Thankfully, we here at Mount Sinai and University Health Network have Dr. Andrew Morris and his SHS-UHN Antimicrobial Stewardship Program (ASP) team. Composed of physicians, pharmacists, nurses, and data analysts, the interprofessional team directly interfaces with prescribers, coaches others in the healthcare team, analyzes data, and conducts research to identify best practices when it comes to treating patients like you and me! Exposed to the tragic consequences of antimicrobial resistance early in his medical career, when a young patient under his care died from an otherwise treatable pseudomonas infection, Dr. Morris yearned to improve how antibiotics were used, effectively launching his career in antimicrobial stewardship.

The SHS-UHN ASP Team: Standing (left to right): Sophia Virani, Sarwat Abbasi, Margot Renshaw, Dr. Linda Dresser, Dr. Chaim Bell, Linda Jorgoni, Dr. Shahid Husain, Dr. Lianne Jeffs, Dr. Warren McIsaac, Janice Takata-Shewchuk Seated (left to right): Dr. Sandra Nelson, Dr. Andrew Morris, Yoshiko Nakamachi, Dr. Miranda So, Dr. Mark McIntyre, Lopa Naik.

The ASP team takes a research-based approach to arrive at their recommendations, using both their successes and failures to inform decision-making on how to proceed further. And they have been pretty successful at doing just that. For example, after noticing gaps in practice for treating patients with Staphylococcus aureus bacteremia were related to high mortality, they decided the way to fill this gap was for patients to be seen by an infectious disease specialist – an easy fix which lead to a 30% drop in mortality!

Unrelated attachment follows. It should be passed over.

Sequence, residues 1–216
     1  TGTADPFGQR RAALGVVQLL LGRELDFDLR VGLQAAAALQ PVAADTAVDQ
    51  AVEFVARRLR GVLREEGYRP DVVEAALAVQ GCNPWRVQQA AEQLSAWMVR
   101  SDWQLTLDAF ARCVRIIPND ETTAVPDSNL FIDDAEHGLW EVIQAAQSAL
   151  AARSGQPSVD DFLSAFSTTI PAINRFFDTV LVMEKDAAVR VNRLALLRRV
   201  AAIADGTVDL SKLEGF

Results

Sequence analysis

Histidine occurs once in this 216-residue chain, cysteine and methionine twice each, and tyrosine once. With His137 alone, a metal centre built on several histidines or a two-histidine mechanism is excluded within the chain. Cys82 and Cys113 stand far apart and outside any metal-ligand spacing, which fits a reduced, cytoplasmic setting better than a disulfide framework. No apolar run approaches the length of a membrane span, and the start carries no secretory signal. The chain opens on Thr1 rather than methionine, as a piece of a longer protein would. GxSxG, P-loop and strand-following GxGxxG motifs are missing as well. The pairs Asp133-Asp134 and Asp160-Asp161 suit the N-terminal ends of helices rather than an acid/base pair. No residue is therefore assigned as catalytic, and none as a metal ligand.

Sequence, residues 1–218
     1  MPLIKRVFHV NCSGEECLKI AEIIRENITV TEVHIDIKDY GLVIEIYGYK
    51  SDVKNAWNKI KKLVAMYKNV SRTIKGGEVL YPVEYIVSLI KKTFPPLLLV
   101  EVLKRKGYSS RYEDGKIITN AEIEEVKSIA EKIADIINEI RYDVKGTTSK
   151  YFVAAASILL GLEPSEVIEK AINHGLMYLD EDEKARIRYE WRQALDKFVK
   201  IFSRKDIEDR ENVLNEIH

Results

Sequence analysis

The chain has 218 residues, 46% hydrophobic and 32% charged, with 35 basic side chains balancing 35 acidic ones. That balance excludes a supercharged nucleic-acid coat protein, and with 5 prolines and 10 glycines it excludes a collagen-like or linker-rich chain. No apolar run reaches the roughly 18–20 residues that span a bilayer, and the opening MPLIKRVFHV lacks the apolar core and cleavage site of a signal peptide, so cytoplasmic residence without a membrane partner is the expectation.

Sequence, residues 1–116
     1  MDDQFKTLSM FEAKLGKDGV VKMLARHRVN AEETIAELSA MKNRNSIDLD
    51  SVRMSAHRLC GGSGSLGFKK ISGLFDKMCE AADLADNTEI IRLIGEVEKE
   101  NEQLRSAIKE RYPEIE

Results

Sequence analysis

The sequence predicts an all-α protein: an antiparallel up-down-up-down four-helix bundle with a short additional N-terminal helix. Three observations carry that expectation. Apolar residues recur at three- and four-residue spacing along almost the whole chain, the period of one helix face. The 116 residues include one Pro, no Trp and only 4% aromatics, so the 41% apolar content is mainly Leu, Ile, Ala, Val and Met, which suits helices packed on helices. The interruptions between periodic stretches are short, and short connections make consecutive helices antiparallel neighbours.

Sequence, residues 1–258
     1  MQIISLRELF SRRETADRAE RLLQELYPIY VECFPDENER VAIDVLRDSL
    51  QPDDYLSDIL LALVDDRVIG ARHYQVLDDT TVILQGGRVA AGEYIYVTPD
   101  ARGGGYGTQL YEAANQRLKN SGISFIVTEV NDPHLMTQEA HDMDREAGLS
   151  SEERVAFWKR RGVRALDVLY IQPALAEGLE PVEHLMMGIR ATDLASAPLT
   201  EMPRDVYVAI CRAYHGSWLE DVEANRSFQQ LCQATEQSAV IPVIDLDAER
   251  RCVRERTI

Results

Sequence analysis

According to Dr. Morris, the hardest task is to understand the cause of the problem, he explains that there are many drivers of behavior, like cultural factors, a lack of knowledge, or emotional factors so the first step is to figure out problems and then identify ways to tackle them. I stopped him there – medicine and emotions? How could they possibly be related? Dr. Morris then asked what happened when I got sick when I was little, I responded that my parents would give me medication. He then asked why… why? To make me feel better of course, which is exactly where the problem lies!

Sometimes you need medications to get better, but many times you would have healed on your own, but since you had medication, you think that’s why you got better.

This is like a placebo effect but with real medicine. Dr. Morris explains that the link between receiving antibiotics, feeling better, and associating antibiotics with making you feel better creates an attachment to antibiotics for the rest of your life. The same goes for doctors who also receive a natural feedback when they see their patients get better after they’ve administered medication. This dynamic is hard to overcome, which is why audits and coaching by the ASP team are essential for success.